Suppose I told you about a spectacular investment -- something that was low-risk, but delivered strong returns year after year, with almost no down years and tax advantages that no other investment vehicle could match? Such an investment exists, and it's almost too good to believe. Consider:
- It's extremely low-risk. While investors do occasionally lose money on this opportunity, it's almost impossible to lose your entire investment.
- Despite the low risk, returns can be strong -- more than 10% during some years. And even when returns are low, they almost always keep pace with inflation.
- It's extremely tax-advantaged. Your gains when you sell could be all (or mostly) tax-free, regardless of your age or earned income status, with a minimum holding period of only two years.
- If you don't have the cash available to make this investment, there are businesses that will rush to lend you what you need -- and the interest on those loans is tax-deductible.
And the biggest advantage of all? One that no stock or mutual fund can match?
- You get to live in it!
I'm talking about a home, of course. While investing in homebuilders like Toll Brothers
Many of us aren't used to thinking of our homes as part of our overall investment portfolio, but they are -- and thinking about them in that light can help us make better decisions when we buy, fix up, or sell our homes.
Thanks, Mr. Tax Man!
While homeownership would obviously be worthwhile even without the tax advantages, the special tax breaks given to homeowners are a big part of what makes a home such a strong investment. Most Fools know that interest on a home mortgage is tax-deductible (as are points and loan origination fees), but some are surprised to learn about the huge tax exemption you get when you sell. The first $250,000 of profit on the sale of your home is tax-free. If you're married and file jointly, that number swells to $500,000. Tax-free. Period. No fine print about having to have earned income or be age 59 1/2 or any of that. It's just yours. The only condition is that the home has to have been your primary residence for at least two of the last five years before you sell.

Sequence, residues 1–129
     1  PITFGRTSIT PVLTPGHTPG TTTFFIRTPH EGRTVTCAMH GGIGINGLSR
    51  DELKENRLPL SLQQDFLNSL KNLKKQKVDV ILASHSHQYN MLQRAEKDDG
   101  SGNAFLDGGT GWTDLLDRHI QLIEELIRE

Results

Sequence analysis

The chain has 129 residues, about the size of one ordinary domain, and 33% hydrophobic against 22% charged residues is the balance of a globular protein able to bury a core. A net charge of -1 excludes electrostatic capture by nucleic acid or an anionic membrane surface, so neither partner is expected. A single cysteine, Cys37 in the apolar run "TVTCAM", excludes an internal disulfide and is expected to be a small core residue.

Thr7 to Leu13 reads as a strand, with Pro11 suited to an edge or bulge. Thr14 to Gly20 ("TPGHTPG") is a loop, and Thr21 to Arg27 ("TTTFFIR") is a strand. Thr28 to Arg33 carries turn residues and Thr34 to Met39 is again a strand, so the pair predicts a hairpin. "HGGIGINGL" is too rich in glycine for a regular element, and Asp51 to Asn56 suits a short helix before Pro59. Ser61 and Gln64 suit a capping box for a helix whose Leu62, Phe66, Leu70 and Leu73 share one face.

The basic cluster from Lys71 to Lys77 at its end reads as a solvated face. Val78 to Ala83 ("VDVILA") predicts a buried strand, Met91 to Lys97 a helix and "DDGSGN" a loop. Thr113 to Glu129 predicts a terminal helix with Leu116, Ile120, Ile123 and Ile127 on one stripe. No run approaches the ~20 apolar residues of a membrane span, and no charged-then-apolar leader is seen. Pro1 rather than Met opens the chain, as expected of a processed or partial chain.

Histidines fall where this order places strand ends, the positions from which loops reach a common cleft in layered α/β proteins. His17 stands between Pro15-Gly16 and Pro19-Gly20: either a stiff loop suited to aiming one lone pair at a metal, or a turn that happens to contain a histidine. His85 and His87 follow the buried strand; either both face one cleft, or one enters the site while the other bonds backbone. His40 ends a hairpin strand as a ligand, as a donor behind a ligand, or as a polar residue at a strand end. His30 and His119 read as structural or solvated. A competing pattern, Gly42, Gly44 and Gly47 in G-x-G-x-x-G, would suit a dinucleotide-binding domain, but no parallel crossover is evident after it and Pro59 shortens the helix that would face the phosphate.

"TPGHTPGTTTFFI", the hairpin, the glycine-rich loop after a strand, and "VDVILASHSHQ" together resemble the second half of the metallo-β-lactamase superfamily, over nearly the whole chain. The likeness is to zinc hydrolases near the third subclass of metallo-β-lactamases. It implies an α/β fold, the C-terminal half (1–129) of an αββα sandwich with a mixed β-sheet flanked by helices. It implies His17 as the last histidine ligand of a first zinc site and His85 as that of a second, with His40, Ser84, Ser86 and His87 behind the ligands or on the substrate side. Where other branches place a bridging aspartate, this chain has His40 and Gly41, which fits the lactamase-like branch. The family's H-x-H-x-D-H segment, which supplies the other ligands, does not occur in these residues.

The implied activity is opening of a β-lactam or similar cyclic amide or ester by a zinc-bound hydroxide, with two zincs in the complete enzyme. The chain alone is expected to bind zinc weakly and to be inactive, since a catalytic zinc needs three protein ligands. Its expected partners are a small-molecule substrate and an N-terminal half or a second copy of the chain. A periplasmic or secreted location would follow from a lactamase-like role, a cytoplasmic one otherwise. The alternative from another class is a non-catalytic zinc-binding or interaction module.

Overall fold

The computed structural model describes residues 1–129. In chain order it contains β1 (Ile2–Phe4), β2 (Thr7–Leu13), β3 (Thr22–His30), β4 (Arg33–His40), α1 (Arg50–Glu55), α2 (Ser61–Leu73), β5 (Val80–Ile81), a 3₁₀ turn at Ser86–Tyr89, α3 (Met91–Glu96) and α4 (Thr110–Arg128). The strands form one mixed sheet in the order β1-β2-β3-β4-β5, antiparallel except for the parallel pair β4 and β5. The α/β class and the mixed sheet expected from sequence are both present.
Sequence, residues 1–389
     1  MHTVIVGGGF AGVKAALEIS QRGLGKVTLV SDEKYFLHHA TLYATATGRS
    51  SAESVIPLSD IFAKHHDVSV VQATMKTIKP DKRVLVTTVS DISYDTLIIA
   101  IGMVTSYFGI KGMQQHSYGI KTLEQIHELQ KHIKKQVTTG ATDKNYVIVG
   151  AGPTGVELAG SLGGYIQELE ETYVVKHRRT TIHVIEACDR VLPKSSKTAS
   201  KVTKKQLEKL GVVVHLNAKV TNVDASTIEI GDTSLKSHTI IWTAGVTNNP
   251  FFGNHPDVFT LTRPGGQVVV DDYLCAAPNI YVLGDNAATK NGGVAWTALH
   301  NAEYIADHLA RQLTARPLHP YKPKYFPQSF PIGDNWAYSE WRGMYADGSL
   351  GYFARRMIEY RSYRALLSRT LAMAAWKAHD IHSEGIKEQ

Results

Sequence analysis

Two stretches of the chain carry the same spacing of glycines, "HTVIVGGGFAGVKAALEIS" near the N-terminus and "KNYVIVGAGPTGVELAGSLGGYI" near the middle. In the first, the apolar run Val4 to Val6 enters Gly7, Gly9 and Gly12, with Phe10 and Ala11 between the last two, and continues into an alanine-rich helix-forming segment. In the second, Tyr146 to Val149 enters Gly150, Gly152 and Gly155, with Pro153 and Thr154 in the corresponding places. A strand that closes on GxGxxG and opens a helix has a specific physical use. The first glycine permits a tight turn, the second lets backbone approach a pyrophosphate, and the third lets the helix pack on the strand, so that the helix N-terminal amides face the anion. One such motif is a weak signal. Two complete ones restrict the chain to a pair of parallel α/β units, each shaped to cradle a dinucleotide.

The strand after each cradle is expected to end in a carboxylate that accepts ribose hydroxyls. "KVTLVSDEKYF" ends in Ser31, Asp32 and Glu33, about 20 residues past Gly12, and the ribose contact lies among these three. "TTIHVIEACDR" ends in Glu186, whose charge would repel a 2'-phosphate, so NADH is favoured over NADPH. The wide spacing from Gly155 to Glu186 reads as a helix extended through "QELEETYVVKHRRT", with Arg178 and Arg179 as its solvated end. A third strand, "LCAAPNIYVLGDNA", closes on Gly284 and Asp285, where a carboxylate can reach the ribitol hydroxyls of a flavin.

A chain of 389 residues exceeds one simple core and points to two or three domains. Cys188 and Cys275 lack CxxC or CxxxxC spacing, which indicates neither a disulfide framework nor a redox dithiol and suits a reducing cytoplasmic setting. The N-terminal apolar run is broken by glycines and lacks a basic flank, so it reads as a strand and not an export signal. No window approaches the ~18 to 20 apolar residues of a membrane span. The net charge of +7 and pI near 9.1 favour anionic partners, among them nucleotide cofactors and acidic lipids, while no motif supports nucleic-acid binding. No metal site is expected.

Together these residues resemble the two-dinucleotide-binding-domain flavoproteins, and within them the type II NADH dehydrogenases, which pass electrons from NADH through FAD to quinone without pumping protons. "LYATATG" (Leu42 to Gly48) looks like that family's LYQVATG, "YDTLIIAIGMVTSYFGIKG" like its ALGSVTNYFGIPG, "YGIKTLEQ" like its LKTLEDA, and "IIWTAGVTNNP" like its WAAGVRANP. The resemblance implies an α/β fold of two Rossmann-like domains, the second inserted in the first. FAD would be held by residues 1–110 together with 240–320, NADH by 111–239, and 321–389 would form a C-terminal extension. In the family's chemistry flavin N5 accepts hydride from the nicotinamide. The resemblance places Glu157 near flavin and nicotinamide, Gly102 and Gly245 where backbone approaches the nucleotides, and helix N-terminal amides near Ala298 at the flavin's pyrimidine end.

In fact, quite a few couples have used that exemption on gains to build significant wealth over time by moving into fixer-uppers, spending their nights and weekends doing the fixing, and selling them at a significant (tax-free!) profit a couple of years later. The success of stores like Home Depot
Still, if you enjoy swinging a hammer or have a knack for hanging wallpaper, this can be an enjoyable and satisfying way to significantly increase your wealth. And even if the house you buy is in good condition, doing your own remodeling -- provided you know how, are confident you can do a good job, and don't do anything too wacky -- can add considerable value to your investment, as well as make your home a nicer place to live.
We all know that real estate has historically appreciated over time, but by how much? Truth is, the average rate is a hard thing to nail down -- the rates of appreciation vary wildly from year to year, and from place to place. The U.S. Department of Housing and Urban Development tracks these changes and variations via the House Price Index, and if you follow that link and spend a few minutes exploring, you'll start to get a sense of the regional variations over time. For instance, in 2006, house prices in the Fool's home state of Virginia were up 7.46%, versus 4.6% for California and a mere 0.45% for Massachusetts, two states that are often thought of as having "hot" real estate markets. But go back five years, and you'll see a completely different picture, with prices in Massachusetts increasing by more than 12%, well ahead of both California and Virginia.
Just to be clear, not everyone is going to see high returns every year. The housing market has bullish periods and bearish periods and bubbles, just like any other market. In fact, your return in your area over any given span of time might be quite low after adjusting for inflation. Subtract interest and property taxes and maintenance expenses, and your house might not seem to compare well with the S&P 500, even with all the tax advantages. But I still say it's a great investment, one that everyone should consider making if they can. (Check out fellow Fool Mary Dalrymple's thoughts on renting vs. buying for an idea of the considerations that should drive your decision.) A home provides a stable reservoir of value that is likely to at least keep up with inflation over time, a solid foundation for your overall wealth-building plan, and an opportunity to build sweat equity. And of course, you can't live in an index!
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